And then here is deep psychological insight in the statement that an outward appearance of joy may disguise inward grieving:
Even in laughter the heart may ache,
    and rejoicing may end in grief.” (13)

While there is certainly economic reward for hard work, there is also the deeper insight that merely talking about doing something but never starting to actually work is a fool’s errand:
All hard work brings a profit,
    but mere talk leads only to poverty.” (23)

I remember my good childhood friend, Terry, who talked about his ambitions to become a concert pianist but never got around to taking piano lessons.

As in the Psalms, no list of proverbs would be complete without addressing the obligation of the rich to take care of the poor:
Whoever oppresses the poor shows contempt for their Maker,
    but whoever is kind to the needy honors God.” (31)

And then what I think is a clear tocsin for us American right here in 2017:
Righteousness exalts a nation,
    but sin condemns any people.” (34)

My sense is that righteousness—at least as it’s defined in the Judeo-Christian tradition—is very much in retreat these days.

1 Corinthians 16:1–11: When it comes to tithes and offerings, Paul is always very clear. It’s an obligation of any member of a Christian community to “set aside a sum of money in keeping with your income, saving it up.” (2) In fact, Paul has big plans for Corinth for them to will some men with him to bring their offering to the church at Jerusalem. However, I think it’s doubtful that ever happened. In any event, no Corinthians were noted in the book of Acts as accompanying Paul on his fateful trip to Jerusalem.

The final section of this letter is mostly about logistics. Paul promises that “After I go through Macedonia, I will come to you—for I will be going through Macedonia. Perhaps I will stay with you for a while, or even spend the winter, so that you can help me on my journey, wherever I go.” (6) Paul wants to spend some time in Corinth, but he postpones the trip and remain in Ephesus until Pentecost “because a great door for effective work has opened to me, and there are many who oppose me.” (9)  Again, per Acts, it appears Paul never made it back to Corinth.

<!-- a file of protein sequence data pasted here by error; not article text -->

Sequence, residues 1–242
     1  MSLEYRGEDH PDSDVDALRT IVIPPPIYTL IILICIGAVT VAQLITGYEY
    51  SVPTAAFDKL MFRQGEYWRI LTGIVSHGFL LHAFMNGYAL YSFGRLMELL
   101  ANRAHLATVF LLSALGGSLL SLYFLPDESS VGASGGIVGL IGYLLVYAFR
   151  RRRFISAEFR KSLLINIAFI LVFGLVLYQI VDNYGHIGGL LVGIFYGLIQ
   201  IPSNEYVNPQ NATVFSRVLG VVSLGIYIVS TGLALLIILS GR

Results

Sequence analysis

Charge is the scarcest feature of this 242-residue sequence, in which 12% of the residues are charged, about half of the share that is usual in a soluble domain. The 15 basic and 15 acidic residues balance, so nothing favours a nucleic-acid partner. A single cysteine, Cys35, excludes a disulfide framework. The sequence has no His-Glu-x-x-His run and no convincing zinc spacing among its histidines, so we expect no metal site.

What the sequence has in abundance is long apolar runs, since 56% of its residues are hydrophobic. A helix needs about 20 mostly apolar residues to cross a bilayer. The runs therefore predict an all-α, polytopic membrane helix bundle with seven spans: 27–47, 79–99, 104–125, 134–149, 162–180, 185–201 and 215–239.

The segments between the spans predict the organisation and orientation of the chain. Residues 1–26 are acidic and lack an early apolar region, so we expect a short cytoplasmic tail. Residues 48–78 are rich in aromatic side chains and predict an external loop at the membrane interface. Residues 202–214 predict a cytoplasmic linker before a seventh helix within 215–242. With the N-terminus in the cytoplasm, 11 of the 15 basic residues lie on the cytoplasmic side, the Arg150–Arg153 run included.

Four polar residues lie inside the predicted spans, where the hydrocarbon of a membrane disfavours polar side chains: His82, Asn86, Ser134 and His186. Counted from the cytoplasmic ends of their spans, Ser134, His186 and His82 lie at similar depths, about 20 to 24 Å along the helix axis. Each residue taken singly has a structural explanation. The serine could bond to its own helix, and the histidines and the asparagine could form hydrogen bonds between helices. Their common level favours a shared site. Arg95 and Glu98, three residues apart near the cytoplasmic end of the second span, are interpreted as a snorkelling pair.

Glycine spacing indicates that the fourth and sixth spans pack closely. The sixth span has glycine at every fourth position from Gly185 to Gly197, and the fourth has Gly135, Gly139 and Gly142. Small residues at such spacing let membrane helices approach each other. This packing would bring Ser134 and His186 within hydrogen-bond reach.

Paul is sending his close associate Timothy to Corinth instead. He attests to Timothy’s bona fides and instructs the Corinthian church to treat him as they would Paul himself: “When Timothy comes, see to it that he has nothing to fear while he is with you, for he is carrying on the work of the Lord, just as I am. No one, then, should treat him with contempt.” (10, 11a) But just as they must welcome Timothy, the Corinthians don’t get to keep him. Paul expects Timothy to rejoin him: “Send him on his way in peace so that he may return to me. I am expecting him along with the brothers.” (11b) 

There’s a lesson there for us. When we receive guests or someone on behalf of another, or a substitute comes instead of the person we were expecting, we are to treat them well and with love.